COMPARATIVE STUDY
JOURNAL ARTICLE

Application of an adenoviral vector encoding soluble transforming growth factor-beta type II receptor to the treatment of diabetic nephropathy in mice

Takehito Kondo, Genzou Takemura, Ken-Ichiro Kosai, Takamasa Ohno, Tomoyuki Takahashi, Masayasu Esaki, Kazuko Goto, Rumi Maruyama, Ichijiro Murata, Shinya Minatoguchi, Takako Fujiwara, Hisayoshi Fujiwara
Clinical and Experimental Pharmacology & Physiology 2008, 35 (11): 1288-93
18505441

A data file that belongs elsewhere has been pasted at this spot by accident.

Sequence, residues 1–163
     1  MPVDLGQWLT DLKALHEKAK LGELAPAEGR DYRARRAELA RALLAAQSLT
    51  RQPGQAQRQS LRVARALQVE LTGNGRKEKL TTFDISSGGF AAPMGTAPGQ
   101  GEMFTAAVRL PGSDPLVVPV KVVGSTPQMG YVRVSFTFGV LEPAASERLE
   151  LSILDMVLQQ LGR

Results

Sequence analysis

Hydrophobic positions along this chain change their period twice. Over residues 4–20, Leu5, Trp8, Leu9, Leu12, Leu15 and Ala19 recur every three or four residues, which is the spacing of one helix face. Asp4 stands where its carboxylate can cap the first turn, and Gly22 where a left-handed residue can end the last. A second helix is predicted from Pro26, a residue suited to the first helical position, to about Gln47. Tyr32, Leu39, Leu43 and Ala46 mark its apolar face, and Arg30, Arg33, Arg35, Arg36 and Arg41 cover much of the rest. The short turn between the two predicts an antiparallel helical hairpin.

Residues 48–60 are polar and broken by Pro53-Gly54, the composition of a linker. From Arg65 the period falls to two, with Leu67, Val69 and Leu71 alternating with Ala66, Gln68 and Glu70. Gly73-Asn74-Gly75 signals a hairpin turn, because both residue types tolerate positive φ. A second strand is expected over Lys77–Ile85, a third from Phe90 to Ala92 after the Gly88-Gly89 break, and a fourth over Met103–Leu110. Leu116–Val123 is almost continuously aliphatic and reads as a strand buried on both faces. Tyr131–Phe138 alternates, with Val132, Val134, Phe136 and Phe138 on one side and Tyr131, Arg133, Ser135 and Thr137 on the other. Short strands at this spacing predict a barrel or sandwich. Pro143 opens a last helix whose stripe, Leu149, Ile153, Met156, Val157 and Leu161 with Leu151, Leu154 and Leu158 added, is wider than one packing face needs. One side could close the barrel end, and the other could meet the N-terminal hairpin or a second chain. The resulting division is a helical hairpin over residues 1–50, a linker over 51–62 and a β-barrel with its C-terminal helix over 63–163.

1. In the present study, we examined the effects of inhibiting transforming growth factor (TGF)-beta in a mouse model of diabetic nephropathy. 2. An adenovirus harbouring the gene encoding soluble TGF-beta type II receptor (Ad.CAG-sTbetaRII), a competitive inhibitor of TGF-beta, was injected into hindlimb muscles (systemic delivery) of mice 5 weeks after the induction of diabetes with streptozotocin. The control group was injected with an adenovirus encoding the LacZ gene (Ad-LacZ). 3. Five weeks after administration, anti-TGF-beta gene therapy was found to have had no effect on renal function, albuminuria or glucose metabolism in mice with diabetic nephropathy. Nonetheless, this gene therapy did significantly reduce fibrosis in both glomeruli and renal tubules. These effects were accompanied by attenuation of the increased expression of alpha-smooth muscle actin normally seen in kidneys of diabetic mice and better preservation of glomerular cell numbers, although the thickness of the glomerular capillary basement membrane was unchanged. The plasma concentration of soluble TGF-beta type II receptor peaked on Day 7 after treatment, but was undetectable by Day 14. Moreover, a second treatment with Ad.CAG-sTbetaRII failed to prolong the interval of gene product expression in the blood. 4. The present anti-TGF-beta gene therapy showed a significant antifibrotic effect in a model of diabetic nephropathy, but failed to improve renal function. The inadequacy of the observed effect is likely due to the relatively short interval of gene product expression. This problem will have to be overcome if gene therapies for slowly progressing diseases, like diabetic nephropathy, are to be realised.

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